While I do not believe any of these to be true (or Biblical), I do believe God is with us in the midst of suffering, perhaps most profoundly so. Whether the cause of our suffering is life, sin or the evil one, God is with us in the midst of it. Our pain and suffering breaks the heart of God. God desires, can and will make good of the suffering and pain we face, which brings me back to trust.
The word faith as it is used in the Scripture in many cases (both Old and New Testament), and especially in Paul’s usage, literally translates to trust. We often think of the word faith as belief, which is not necessarily wrong, but is a limited understanding of the word faith. Faith at its core is trust. I can believe in almost anything, but to trust something (or someone) is so much deeper, more meaningful, more powerful and more difficult.
Trust is vital, not only as the definition of faith, but in every aspect of our lives. Trust is the center of all of our relationships: at work, home and beyond. Trust is the cornerstone and the determining factor in the health of our marriages, friendships and other important relationships. Trust is essential, especially in parenting.
When it comes to our relationship with God, our faith and our Christianity, we recognize trust is the one thing we do. We trust God, and God does the rest. It is God who calls us, invites us, adopts us, saves us, sanctifies us and transforms us. We simply embrace what God has done, is doing and will do by trusting.
Trust is our one great act. It is the very foundation and definition of faith. Trusting God in the midst of suffering is extremely difficult, but it is the only way. It is the only way to survive, make sense of and see God’s redeeming work in the midst of suffering. In this way, we must learn to trust, teach our children to trust and model trust for them.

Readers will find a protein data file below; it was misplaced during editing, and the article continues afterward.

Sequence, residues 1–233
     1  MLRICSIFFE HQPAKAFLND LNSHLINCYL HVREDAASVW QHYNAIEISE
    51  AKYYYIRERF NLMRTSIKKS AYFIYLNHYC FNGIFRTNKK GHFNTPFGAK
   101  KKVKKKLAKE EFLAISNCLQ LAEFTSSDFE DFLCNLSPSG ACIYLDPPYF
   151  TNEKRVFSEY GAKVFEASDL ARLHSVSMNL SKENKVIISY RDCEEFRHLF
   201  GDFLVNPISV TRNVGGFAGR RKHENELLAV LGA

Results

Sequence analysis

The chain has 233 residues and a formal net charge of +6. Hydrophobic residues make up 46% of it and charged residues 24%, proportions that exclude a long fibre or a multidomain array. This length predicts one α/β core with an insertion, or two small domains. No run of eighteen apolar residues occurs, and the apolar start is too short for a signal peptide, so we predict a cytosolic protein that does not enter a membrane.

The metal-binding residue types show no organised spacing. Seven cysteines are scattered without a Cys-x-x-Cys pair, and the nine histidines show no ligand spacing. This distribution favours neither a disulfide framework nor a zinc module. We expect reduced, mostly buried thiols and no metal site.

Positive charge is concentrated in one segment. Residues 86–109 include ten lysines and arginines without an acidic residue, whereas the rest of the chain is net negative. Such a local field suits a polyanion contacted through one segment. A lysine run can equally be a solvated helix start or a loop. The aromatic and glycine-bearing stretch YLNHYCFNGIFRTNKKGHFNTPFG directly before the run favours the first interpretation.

Brennan Manning, in his powerful book on this subject, Ruthless Trust, states: “The splendor of a human heart that trusts it is loved unconditionally gives God more pleasure than Westminster Cathedral, the Sistine Chapel, Beethoven’s “Ninth Symphony”, Van Gogh’s “Sunflowers”, the sight of 10,000 butterflies in flight, or the scent of a million orchids in bloom. Trust is our gift back to God, and he finds it so enchanting that Jesus died for love of it.”
Our call as Christ followers, the church, adults and parents is to teach and mentor our children. It is a commitment we make in birth, baptism and more. Jesus was passionate about children and indignant when they were slighted and ignored. This is a high and challenging call for us all, a great responsibility, but also a humbling gift.
Teaching, mentoring and caring for our children may be the most difficult in the midst of suffering, yet we know that it is in these moments God can take the difficult situations of life and turn them into powerful moments of deep faith. The best thing we can do for the faith of our children is to teach them to trust God, help them to trust God, and model a trust of God for them. We must avoid the temptation to shelter, explain or fix the pain and suffering they face and walk with them so their trust of God may grow.
Faith is difficult. Pain and suffering are overwhelming, dis- couraging and heartbreaking, especially when experienced by our children and adolescents. In these moments our rela- tionship with God and our relationship with our children and adolescents is very important.
May we trust God in the midst of suffering and in all aspects of life.
May we trust God with our children and may we model trust for all the children and adolescents God has put in our lives..